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New Tech in the 2018 Chrome Soft

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One of the pleasures that least in part compensates for having to tread the miles of aisles at each year’s PGA Merchandise Show is the opportunity to gain some insight to pass along to reader about all the new products. This year was no exception.

The people at Callaway Golf had an important announcement the week before the Show concerning the Rogue family of clubs—metalwoods, hybrids and irons—and Show week unveiled their new Chrome Soft and Chrome Soft X golf balls.

They revealed some interesting technology that you should know about.

The original Chrome Soft released in 2015 had a three-piece construction and very low compression which turned off better players with higher swing speeds; Callaway’s answer was the firmer Chrome Soft X. For 2018 they have redone both in a 4-piece construction and added something called graphene into the core.

For maximum distance in a ball such as the Chrome Soft with inner and outer cores, the inner should be larger than the outer which puts the outer under high stress when the ball is hit with a driver. If the outer isn’t strong enough it will crack which makes it worthless and that’s where graphene comes in. Graphene, long thought to be too expensive for golf balls, is an ultra-strong lattice of nanocarbon atoms 200 times stronger than steel but it stretches so when added to the outer core the potential cracking problem is solved.

This meant inner core could be made softer and the outer core stronger. As Callaway’s Dr. Alan Hocknell, Senior Vice President of Research and Development described it, a “crash helmet for the inner core.”

Hocknell also said, “If you think of this inner core as the engine of the golf ball, the inner of the new Chrome Soft is now bigger and softer because it is protected by the stronger outer core, which allows us to pump up the speed, pump up the spin-reducing characteristic of the soft core, and still retain the soft-feel benefits. The outer core is a firmer blend of polybutadiene rubber compared to the inner core and it is made much stronger as the nano-particles of graphene get in-between the long polymer chains and make them significantly stronger.”

Callaway describes the result as having kept the overall soft feel but changed it slightly. Players will hear a crisper sound from shots around the green and see added ball speed off the driver with “significantly” better distance from mid-irons and approach shots. Compared to the original Chrome Soft, driver spin is less without lowering the launch angle, so distance is increased.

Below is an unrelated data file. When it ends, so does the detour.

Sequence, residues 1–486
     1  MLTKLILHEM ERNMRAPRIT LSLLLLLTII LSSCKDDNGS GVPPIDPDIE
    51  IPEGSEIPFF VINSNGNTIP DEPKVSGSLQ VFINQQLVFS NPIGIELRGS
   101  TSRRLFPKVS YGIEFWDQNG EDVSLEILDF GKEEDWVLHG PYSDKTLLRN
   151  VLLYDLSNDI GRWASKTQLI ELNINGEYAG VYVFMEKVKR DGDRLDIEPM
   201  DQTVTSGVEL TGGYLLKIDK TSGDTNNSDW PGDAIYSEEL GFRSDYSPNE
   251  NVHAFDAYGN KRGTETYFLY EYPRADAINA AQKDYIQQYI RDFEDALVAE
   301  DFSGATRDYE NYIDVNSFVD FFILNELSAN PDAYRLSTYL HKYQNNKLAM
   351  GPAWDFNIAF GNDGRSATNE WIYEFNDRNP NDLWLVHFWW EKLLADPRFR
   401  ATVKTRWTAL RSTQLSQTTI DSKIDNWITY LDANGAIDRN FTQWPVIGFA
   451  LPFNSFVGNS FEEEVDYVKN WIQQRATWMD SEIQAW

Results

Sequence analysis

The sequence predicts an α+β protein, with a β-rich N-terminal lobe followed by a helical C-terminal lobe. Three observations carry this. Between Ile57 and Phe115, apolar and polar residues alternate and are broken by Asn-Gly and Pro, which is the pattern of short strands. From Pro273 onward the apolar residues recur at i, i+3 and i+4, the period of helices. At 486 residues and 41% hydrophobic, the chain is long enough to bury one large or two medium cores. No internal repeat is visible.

Those with higher swing speeds, above 105 mph with the driver, should like the firmer Chrome Soft X while taking advantage of the softer feel of both the Chrome Soft and Chrome Soft X. The increased firmness will result in a better conversion of driver speed to ball speed in the X than it will in the standard Chrome Soft.

The greatest advantage of playing a soft ball though might the “forgiveness,” a term usually associate with clubs, but which can be applied to golf balls as well. The softer the ball the greater the ball will compress with preservation of more ball speed when impact is not in the center of the clubface. Put simply a Chrome Soft ball goes farther compared with a harder ball even though the hit was not very good.

Finally, the urethane covers of both models have been made softer with the goal being increase spin on shots around the green. According to Hocknell even though it is softer it is actually more durable, a characteristic of urethane not true of Surlyn which is often used on so-called distance balls.

In a nutshell, players will be interested in the 2018 Chrome Soft if they want a softer feel with more forgiveness and less side-to-side curvature and the Chrome Soft X if looking for more workability. Both will be at retail on February 16 at a cost of $44.99 per dozen.     

 

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Ed Travis is a national award winning golf journalist and has carried on a lifelong love affair with the game. His work covering the business of golf, equipment, golf personalities and travel is regularly seen in numerous print and electronic publications. He has competed in tournament golf both as an amateur and senior professional and though his competitive days are behind him, Travis still plays regularly and carries a handicap of 2. He and his wife live on a water hazard in suburban Orlando.

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